• Conservation and the environment. On the conservation and environmental front, agricultural producers look ready for further regulatory relief in the coming year. The recent proposal to extend the previous Waters of the United States (WOTUS) rule while court cases are resolved and a new rule can be written offers some certainly for producers and landowners in the short run and the promise of further regulatory relief in the long run.
Other regulatory relief has come at least temporarily for emissions reporting from livestock operations and transportation rules for agriculture. However, over the longer run, the outlook may be more for slower growth in further regulations as opposed to substantial relief from existing regulations as agriculture continues to face more of the regulatory burden of other industries over time.
• Energy and bioenergy. The vacillations in perceived Environmental Protection Agency policy for bioenergy over much of 2017 were presumably resolved for now with the announcement of 2018 renewable volume obligations for fuel usage at the end of November (pending at the time of this writing). However, with political challenges both for and against current renewable fuel policies, it looks to be a continual challenge into 2018 to assess the long-run outlook and policy framework for the bioenergy sector.
• Taxes and budget. Tax reform legislation was also moving through Congress at the time of this writing, awaiting action in the Senate before any compromise legislation could be finalized or passed into law. While some were holding out the possibility of a final bill before the end of 2017, many expected it may extend into early 2018. If it hasn't happened already, it seems likely that a tax bill will make it across the finish line sometime soon, if for no other reason than it would represent the first major policy accomplishment of the current Congress and administration. Looking ahead, any tax changes will obviously affect taxpayers and tax management decisions going forward.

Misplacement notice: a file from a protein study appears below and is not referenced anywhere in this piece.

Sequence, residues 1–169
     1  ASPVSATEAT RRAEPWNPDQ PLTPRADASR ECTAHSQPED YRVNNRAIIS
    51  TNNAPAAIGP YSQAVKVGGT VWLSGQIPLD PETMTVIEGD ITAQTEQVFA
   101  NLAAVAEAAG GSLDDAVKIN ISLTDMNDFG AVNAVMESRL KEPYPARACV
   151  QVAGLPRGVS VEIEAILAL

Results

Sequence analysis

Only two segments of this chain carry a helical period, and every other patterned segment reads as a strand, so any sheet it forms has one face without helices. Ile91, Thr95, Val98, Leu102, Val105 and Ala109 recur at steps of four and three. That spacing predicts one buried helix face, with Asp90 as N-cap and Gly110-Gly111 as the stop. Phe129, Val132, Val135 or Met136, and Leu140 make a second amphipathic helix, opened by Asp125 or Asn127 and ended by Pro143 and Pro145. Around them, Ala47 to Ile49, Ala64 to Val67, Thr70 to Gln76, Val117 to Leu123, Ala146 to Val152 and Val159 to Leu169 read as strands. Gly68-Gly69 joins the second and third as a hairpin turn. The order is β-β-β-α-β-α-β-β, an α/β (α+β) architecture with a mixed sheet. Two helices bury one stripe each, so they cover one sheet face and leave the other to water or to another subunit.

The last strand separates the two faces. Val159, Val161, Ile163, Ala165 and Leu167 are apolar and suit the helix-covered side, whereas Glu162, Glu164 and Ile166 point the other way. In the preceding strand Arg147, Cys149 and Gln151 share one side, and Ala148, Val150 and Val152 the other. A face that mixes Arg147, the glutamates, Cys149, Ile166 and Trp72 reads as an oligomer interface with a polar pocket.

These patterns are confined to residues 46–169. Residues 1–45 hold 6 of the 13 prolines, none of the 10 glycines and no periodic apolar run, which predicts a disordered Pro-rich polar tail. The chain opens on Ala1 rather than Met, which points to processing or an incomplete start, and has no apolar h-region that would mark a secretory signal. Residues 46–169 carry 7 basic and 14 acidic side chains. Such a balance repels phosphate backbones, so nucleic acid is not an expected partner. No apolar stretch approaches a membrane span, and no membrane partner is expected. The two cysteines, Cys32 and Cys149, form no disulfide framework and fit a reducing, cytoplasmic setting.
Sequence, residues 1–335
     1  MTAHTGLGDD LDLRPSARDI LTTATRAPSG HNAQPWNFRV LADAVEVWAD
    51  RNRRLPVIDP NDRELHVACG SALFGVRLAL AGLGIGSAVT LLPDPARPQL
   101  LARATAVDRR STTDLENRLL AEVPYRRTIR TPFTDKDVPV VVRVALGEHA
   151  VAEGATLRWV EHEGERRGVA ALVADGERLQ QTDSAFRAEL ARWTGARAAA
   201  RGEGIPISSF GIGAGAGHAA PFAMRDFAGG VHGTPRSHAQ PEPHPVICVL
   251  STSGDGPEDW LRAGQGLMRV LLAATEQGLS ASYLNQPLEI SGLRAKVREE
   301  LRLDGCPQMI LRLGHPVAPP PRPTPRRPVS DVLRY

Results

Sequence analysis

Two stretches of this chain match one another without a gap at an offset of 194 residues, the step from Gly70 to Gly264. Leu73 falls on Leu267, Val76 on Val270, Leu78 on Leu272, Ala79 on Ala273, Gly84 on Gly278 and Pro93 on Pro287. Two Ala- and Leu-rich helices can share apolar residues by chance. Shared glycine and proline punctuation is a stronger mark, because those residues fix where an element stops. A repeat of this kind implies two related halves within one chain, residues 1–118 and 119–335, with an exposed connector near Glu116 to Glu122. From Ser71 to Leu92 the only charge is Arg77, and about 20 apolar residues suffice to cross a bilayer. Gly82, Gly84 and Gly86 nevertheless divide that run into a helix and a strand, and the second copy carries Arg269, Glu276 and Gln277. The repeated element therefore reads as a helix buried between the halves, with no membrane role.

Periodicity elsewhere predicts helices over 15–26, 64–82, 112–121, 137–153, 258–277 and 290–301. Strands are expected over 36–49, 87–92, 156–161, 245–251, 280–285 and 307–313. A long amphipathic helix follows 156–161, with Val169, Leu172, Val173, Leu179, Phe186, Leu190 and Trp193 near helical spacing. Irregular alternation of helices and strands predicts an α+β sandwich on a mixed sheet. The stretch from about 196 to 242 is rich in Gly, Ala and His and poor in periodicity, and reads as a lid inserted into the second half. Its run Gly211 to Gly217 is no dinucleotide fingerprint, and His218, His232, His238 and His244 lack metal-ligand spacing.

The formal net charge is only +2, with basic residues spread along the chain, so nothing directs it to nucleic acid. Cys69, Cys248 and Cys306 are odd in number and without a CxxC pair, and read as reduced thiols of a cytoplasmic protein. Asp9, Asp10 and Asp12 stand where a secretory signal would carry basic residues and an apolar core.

Politically, it may also be that tax reform is a major driver for further efforts on budget reform. The tax legislation appears to lead to larger budget deficits unless and until economic growth spurred by the changes contributes more tax revenues back to the government than the legislation takes away. But if it doesn't, the specter of larger deficits and increased growth in the federal debt could drive more aggressive budget cuts in the coming year and years.
On this issue is a parallel between national and state policy that cannot be overlooked. While the state budget is by constitutional mandate a balanced budget, the pressure for state tax relief from almost all corners, particularly property tax payers in agriculture, could mean further challenges and cuts in the rest of the state budget. There is always a battle between taxes and spending and the appropriate levels of each, and that is not likely to go away or get resolved easily or soon.
Lubben is an Extension policy specialist at the University of Nebraska-Lincoln.